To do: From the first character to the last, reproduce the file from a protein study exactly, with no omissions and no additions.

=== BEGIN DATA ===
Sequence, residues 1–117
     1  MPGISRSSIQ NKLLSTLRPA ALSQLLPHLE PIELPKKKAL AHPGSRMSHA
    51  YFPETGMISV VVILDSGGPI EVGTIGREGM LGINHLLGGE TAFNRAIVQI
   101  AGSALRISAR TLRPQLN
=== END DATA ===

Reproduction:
Sequence, residues 1–117
     1  MPGISRSSIQ NKLLSTLRPA ALSQLLPHLE PIELPKKKAL AHPGSRMSHA
    51  YFPETGMISV VVILDSGGPI EVGTIGREGM LGINHLLGGE TAFNRAIVQI
   101  AGSALRISAR TLRPQLN